[A]round 1,000 years ago, both stalagmites' calcium carbonate composition shifted suddenly and completely, from carbon isotope ratios typical of trees and shrubs, to those more consistent with grassland, within just 100 years.From here.
The paper is Stephen J. Burns, et al., "Rapid human-induced landscape transformation in Madagascar at the end of the first millennium of the Common Era.", Quaternary Science Reviews (2016).
UPDATE March 2, 2016: The abstract to the paper reveals that the dates are actually a bit earlier than 1,000 years ago, which helps to reconcile the archaeological record which favors a date somewhat earlier than 1000 CE for Austronesian arrival in Madagascar and this new data point. The abstract states:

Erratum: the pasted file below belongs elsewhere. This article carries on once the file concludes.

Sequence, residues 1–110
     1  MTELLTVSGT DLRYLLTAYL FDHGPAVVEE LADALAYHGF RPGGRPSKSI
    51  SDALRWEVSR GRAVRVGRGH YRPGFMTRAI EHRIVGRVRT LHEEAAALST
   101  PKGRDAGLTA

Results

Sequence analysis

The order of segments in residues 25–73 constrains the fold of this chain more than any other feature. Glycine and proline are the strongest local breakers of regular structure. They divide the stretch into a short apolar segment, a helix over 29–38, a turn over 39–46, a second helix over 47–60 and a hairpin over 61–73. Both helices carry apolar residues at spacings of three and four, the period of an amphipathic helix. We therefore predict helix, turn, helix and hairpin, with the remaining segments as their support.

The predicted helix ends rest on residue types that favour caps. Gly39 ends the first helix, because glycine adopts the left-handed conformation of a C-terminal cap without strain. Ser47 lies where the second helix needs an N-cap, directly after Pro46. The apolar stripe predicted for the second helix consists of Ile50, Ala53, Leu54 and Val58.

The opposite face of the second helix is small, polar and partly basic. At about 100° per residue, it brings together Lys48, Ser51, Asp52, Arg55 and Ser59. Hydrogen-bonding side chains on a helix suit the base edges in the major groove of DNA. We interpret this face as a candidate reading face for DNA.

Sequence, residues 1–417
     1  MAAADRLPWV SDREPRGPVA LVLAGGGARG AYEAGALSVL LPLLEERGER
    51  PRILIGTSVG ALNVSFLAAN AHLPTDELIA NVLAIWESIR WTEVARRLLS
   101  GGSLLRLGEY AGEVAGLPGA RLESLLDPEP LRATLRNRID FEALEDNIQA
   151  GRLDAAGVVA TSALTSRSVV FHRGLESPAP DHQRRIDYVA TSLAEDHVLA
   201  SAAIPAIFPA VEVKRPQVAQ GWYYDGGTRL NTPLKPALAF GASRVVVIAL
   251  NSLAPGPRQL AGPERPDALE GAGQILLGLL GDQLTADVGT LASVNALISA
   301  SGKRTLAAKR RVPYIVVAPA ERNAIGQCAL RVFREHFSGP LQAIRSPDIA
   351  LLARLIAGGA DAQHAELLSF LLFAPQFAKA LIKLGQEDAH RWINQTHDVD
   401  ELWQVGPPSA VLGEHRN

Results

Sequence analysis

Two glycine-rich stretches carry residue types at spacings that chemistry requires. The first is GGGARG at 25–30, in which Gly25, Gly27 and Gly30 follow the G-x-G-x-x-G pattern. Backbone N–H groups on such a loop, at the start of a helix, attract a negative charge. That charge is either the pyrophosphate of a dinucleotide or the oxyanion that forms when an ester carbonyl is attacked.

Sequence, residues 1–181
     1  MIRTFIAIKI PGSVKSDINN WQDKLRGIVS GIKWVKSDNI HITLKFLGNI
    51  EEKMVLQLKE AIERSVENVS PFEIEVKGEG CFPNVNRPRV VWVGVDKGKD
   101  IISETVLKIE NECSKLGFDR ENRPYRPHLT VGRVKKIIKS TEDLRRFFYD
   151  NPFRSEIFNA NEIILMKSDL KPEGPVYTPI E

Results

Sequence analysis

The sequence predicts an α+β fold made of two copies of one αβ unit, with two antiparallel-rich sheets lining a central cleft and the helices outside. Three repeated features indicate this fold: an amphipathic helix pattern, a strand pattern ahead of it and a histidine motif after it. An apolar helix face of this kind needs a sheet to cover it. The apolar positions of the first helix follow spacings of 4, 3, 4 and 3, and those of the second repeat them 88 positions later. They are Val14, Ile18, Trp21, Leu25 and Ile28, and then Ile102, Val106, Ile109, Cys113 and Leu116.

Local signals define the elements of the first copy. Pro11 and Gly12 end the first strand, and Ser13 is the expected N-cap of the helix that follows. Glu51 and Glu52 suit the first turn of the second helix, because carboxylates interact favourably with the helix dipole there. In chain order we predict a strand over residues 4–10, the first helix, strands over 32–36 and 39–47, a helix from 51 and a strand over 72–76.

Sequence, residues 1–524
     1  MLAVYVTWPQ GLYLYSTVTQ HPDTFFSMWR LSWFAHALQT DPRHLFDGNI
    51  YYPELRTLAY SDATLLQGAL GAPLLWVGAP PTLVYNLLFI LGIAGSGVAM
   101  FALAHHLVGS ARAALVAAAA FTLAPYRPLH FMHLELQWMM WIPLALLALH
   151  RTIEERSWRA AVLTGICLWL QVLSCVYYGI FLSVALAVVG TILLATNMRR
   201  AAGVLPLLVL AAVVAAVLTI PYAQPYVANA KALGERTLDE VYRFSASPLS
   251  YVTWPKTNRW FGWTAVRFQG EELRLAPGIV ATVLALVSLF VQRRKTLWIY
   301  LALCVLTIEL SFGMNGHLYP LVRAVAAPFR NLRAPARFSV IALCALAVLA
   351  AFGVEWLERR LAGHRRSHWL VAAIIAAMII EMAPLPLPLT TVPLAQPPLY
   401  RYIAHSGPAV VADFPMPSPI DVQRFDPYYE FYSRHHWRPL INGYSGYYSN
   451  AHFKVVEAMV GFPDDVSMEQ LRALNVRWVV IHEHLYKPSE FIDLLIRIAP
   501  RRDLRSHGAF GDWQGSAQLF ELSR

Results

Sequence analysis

The environmental impact of the early human inhabitants of Madagascar remains heavily debated. We present results from a study using two stalagmites collected from Anjohibe Cave in northwestern Madagascar to investigate the paleoecology and paleoclimate of northwestern Madagascar over the past 1800 years. Carbon stable isotopic data indicate a rapid, complete transformation from a flora dominated by C3 plants to a C4 grassland system. This transformation is well replicated in both stalagmites, occurred at 890 CE and was completed within one century. We infer that the change was the result of a dramatic increase in the use of fire to promote the growth of grass for cattle fodder. Further, stalagmite oxygen isotope ratios show no significant variation across the carbon isotope excursion, demonstrating that the landscape transformation was not related to changes in precipitation. Our study illustrates the profound impact early inhabitants had on the environment, and implies that forest loss was one trigger of megafaunal extinction.It also isn't implausible to think that the use of fire to cover forest to grassland wouldn't have begun immediately upon their arrival. They would have used the modest amount of existing grassland on the island at first and would have cleared more land only after their growing herds strained the carrying capacity of the existing grasslands.